Tis the season for Apple Butter

3 years ago By Christine Sahadi Whelan
Tis the season for Apple Butter

I love the smell of spices and the warm feelings they elicit.  When people think of the holiday season, they first call up certain aromas: nutmeg and cinnamon, cloves and ginger.  When I was growing up my Dad worked very long hours and when he arrived home late at night, the first thing I smelled was the wonderful scent of the spices we hand-packed at the store.  As soon as I smelled that sweet scent, I knew Dad was home.  Today I’m at the store daily and I don’t even notice it anymore, but I guess I must also carry that holiday aroma on my clothes.  Perhaps, now that my Dad is retired and not at the store every day, I should ask him if he can sniff those spices out on me!

Fall is apple season, and they were made to pair with warm spices.  Cinnamon sticks, freshly grated mounds of nutmeg and spicy sweet cloves are all amazing when blended into an apple pie.  The spices enhance the sweet tart apple taste and deepen the flavor as they melt into the filling.  A piece of pie paired with a slice of sharp cheddar and a dark roast espresso is my kind of lunch!

In the Fall, one of my favorite things to make with whole spices is apple butter.  I belong to a CSA and we get tons of apples in our share.  With the children now on their own, I sometimes have way too many to eat while fresh.  My daughter loves apple butter, so I make a big batch in the fall and it lasts for months.  I make it pure without any additives or sweeteners because that is the way we love it.  It’s quick and easy to make, and it makes the house smell festive and delicious.

Slow Cooker Apple Butter

4.5 lbs local apples

1 tsp whole cloves

cinnamon sticks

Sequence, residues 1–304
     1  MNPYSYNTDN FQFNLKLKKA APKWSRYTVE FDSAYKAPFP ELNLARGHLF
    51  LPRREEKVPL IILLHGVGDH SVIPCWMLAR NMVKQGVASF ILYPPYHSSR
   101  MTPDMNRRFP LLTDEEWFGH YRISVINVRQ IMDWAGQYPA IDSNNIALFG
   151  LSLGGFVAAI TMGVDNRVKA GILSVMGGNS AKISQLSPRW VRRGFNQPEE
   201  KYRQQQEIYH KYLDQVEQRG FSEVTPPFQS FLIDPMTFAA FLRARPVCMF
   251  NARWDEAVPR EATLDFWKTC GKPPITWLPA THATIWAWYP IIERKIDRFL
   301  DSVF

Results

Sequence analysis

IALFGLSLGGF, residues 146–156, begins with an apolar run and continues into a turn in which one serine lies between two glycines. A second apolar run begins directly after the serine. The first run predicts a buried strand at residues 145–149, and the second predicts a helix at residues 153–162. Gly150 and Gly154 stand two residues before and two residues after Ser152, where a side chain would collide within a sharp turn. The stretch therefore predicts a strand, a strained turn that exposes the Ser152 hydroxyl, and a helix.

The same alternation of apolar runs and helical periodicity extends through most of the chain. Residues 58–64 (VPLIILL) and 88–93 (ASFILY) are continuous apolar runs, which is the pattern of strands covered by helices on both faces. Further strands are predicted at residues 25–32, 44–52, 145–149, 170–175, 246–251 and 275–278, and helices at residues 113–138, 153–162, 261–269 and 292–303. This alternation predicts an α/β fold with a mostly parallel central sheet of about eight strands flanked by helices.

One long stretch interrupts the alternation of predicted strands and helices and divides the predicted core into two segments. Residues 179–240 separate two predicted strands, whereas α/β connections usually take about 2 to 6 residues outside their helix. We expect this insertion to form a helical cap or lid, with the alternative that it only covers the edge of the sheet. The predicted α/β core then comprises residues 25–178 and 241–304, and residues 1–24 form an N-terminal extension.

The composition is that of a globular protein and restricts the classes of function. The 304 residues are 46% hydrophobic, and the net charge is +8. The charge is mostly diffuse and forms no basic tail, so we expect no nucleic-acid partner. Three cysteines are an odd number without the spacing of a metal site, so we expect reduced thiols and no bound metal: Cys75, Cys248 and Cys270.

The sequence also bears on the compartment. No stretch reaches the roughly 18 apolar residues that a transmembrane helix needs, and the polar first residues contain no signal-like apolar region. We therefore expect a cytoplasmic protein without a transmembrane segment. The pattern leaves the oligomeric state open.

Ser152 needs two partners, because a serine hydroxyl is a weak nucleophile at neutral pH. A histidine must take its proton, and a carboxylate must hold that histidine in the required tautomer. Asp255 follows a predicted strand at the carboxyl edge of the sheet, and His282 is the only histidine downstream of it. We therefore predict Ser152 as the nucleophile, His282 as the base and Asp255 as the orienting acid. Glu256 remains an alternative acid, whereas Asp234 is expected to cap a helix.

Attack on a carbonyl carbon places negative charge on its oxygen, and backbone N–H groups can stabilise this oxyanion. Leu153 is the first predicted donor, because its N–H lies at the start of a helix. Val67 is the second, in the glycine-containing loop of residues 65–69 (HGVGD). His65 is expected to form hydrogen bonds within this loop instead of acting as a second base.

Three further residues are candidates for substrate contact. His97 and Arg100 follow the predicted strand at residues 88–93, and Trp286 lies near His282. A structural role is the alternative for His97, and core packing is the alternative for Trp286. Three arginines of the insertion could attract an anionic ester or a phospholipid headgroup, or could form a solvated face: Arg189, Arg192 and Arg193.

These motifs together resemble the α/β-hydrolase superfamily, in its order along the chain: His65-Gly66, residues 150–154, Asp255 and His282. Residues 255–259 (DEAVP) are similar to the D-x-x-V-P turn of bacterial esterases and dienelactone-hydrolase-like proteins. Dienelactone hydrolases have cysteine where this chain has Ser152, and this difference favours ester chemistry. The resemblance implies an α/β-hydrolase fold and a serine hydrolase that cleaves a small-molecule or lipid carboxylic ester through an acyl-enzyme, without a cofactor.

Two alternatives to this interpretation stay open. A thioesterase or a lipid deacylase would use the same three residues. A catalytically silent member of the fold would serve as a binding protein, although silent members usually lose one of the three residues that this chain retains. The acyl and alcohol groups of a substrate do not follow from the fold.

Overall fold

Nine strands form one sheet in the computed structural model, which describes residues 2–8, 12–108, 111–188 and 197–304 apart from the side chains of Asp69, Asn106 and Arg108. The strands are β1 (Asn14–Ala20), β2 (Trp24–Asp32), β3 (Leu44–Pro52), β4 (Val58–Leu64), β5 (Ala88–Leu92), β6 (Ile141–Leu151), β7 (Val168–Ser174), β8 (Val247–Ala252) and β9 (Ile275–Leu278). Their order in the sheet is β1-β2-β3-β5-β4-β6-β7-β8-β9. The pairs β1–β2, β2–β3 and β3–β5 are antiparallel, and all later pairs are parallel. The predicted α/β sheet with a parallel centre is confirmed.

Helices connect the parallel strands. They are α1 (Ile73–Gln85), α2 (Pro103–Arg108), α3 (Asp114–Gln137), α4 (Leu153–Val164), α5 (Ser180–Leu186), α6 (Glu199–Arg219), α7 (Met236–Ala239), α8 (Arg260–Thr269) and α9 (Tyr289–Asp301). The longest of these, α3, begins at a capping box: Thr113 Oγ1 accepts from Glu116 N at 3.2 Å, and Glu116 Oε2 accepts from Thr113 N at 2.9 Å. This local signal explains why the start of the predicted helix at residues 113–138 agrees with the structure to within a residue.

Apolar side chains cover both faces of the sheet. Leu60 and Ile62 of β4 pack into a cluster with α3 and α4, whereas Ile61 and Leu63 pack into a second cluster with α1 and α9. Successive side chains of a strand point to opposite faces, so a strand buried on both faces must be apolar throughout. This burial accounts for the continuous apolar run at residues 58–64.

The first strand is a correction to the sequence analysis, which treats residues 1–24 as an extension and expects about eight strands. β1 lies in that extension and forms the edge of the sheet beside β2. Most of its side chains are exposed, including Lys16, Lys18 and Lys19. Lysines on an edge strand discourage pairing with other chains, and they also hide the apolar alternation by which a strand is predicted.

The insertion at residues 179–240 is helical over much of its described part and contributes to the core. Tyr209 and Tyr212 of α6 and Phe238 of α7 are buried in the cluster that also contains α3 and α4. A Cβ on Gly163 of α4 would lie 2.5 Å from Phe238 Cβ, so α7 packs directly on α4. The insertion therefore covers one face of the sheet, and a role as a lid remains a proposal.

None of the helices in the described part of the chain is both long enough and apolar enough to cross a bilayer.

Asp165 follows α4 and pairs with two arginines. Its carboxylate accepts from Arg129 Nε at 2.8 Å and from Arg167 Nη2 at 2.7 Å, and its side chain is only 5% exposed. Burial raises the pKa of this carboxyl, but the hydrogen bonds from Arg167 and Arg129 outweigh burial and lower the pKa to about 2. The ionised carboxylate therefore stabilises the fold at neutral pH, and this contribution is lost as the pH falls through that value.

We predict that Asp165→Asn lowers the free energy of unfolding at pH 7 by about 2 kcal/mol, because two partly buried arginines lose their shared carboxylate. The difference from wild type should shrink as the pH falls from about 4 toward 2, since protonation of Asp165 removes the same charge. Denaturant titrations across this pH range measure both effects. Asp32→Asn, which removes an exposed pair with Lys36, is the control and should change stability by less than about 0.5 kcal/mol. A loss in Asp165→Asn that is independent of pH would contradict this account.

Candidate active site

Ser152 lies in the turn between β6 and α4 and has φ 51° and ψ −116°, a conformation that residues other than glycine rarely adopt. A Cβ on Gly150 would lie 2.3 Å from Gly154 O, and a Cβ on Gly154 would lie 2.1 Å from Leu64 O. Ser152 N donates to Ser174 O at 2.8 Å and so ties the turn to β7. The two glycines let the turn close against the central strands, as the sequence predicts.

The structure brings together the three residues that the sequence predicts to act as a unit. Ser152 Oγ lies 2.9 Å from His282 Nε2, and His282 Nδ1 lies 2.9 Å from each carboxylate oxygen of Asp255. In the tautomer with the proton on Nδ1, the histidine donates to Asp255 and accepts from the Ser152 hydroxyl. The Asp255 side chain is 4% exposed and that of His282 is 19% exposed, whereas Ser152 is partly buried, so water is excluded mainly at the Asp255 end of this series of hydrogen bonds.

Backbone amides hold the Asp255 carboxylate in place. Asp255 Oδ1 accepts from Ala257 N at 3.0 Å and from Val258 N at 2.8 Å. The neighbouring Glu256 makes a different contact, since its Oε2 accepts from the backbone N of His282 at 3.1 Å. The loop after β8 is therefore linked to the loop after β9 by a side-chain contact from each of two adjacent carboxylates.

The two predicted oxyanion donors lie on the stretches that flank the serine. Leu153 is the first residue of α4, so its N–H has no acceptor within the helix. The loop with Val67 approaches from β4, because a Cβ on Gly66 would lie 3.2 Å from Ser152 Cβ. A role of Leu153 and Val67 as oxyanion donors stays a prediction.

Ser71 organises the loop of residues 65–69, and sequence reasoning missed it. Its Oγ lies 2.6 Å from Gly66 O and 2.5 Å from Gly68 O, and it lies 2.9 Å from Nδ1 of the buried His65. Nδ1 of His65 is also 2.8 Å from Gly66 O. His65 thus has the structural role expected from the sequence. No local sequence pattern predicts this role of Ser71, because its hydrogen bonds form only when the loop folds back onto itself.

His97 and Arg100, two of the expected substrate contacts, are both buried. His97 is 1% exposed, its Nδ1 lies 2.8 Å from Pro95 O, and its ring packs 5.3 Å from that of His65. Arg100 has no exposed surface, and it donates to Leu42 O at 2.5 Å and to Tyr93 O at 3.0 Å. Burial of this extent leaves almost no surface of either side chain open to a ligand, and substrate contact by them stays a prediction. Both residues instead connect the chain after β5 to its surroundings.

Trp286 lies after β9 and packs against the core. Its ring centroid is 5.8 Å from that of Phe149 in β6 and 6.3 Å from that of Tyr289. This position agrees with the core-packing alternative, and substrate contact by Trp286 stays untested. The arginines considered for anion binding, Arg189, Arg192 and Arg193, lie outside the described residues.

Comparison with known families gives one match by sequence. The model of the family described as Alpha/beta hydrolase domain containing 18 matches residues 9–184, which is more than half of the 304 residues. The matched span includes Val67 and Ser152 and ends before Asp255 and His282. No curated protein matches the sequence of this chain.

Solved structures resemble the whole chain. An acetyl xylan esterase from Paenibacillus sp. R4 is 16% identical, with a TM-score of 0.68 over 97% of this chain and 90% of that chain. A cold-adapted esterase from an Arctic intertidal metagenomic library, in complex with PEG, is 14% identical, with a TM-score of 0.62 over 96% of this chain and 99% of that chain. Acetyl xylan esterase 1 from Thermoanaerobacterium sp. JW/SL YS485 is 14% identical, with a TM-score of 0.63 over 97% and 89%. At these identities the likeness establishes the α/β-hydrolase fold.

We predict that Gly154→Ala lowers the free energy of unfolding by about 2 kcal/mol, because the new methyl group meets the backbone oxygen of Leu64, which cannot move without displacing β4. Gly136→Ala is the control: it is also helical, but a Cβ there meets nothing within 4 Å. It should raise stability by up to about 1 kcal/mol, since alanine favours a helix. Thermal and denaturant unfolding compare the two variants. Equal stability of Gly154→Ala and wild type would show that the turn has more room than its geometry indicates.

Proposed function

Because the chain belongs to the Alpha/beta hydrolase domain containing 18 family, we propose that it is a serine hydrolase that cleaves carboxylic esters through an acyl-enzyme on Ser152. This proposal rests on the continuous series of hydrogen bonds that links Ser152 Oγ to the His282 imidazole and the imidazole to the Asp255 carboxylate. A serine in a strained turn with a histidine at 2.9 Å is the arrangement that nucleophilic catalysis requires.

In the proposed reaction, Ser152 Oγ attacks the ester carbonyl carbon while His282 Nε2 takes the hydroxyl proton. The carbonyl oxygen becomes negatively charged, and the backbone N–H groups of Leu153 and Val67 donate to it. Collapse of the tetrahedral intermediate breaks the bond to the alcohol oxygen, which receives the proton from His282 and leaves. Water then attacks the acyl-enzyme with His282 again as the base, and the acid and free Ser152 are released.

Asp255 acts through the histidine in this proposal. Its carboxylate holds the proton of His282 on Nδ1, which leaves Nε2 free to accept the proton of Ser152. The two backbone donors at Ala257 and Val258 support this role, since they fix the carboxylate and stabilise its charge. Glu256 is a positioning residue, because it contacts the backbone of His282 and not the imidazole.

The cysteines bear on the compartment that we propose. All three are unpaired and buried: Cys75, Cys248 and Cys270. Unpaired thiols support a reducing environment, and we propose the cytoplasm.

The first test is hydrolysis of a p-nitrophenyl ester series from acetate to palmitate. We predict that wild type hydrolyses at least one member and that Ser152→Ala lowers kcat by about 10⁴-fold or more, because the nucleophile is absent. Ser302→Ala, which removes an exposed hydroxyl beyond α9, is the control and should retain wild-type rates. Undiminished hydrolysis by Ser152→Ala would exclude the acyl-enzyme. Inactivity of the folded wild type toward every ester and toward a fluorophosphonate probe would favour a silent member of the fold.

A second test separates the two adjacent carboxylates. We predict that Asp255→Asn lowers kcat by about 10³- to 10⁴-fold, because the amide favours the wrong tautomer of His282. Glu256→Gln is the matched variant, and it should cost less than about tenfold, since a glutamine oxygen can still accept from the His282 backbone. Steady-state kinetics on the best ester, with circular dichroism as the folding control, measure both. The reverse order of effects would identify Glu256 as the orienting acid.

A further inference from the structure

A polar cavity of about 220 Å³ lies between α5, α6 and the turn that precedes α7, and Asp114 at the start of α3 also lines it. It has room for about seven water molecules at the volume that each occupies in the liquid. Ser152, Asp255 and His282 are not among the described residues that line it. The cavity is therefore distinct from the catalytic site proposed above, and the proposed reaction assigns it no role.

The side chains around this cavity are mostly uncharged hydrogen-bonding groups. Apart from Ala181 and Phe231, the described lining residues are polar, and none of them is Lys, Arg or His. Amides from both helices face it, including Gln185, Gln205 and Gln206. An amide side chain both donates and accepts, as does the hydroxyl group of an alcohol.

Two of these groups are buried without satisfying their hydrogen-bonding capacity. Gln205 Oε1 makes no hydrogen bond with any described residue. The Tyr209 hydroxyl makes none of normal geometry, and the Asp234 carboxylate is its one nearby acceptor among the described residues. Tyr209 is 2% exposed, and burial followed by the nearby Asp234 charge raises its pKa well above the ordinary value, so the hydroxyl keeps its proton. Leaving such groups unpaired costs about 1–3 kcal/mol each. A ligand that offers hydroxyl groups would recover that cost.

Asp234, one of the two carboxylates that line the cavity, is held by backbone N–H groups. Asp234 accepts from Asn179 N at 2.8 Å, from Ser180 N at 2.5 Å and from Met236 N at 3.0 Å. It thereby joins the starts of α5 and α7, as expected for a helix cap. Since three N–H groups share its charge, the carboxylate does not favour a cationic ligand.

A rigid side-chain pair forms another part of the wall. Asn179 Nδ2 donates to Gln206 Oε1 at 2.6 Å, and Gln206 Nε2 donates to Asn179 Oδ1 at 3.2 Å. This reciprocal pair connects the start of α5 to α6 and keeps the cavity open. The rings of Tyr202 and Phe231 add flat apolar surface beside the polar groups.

whole nutmeg

½ c fresh apple cider

Wash and quarter apples.  (There’s no need to peel or core since they will be going through a food mill later on.)  Toss the apples and all the rest of the ingredients into the slow cooker.  Turn on high for 5 hours or low for 8 hrs.   Open and stir well.  The mixture should be thick like jam and have very little liquid left.  If there is too much, then cook a little longer.  Run the mixture through a food mill or fine sieve until only skins and seeds are left.  Mix well again and taste for sweetness.  I prefer it quite natural and add nothing else, but a little maple syrup can be added for sweetness.  Makes 1 quart.

This year’s apple bounty has also resulted in me playing around with a homemade apple cinnamon cordial.  Every holiday I like to have a few simple beverage offerings.  I serve both white and red wine, as well as prosecco.  I also like to make one homemade signature cocktail.  I have been steeping fresh local apples and whole cinnamon sticks in vodka, which I intend to slightly sweeten with maple syrup and then top with sparkling cider and a lemon wedge.  The plan is to serve it in a cinnamon sugar rimmed glass.  I can’t wait to sample the cordial when it’s done steeping!  Stay tuned or follow me @ChristineSWhelan to see how it turns out.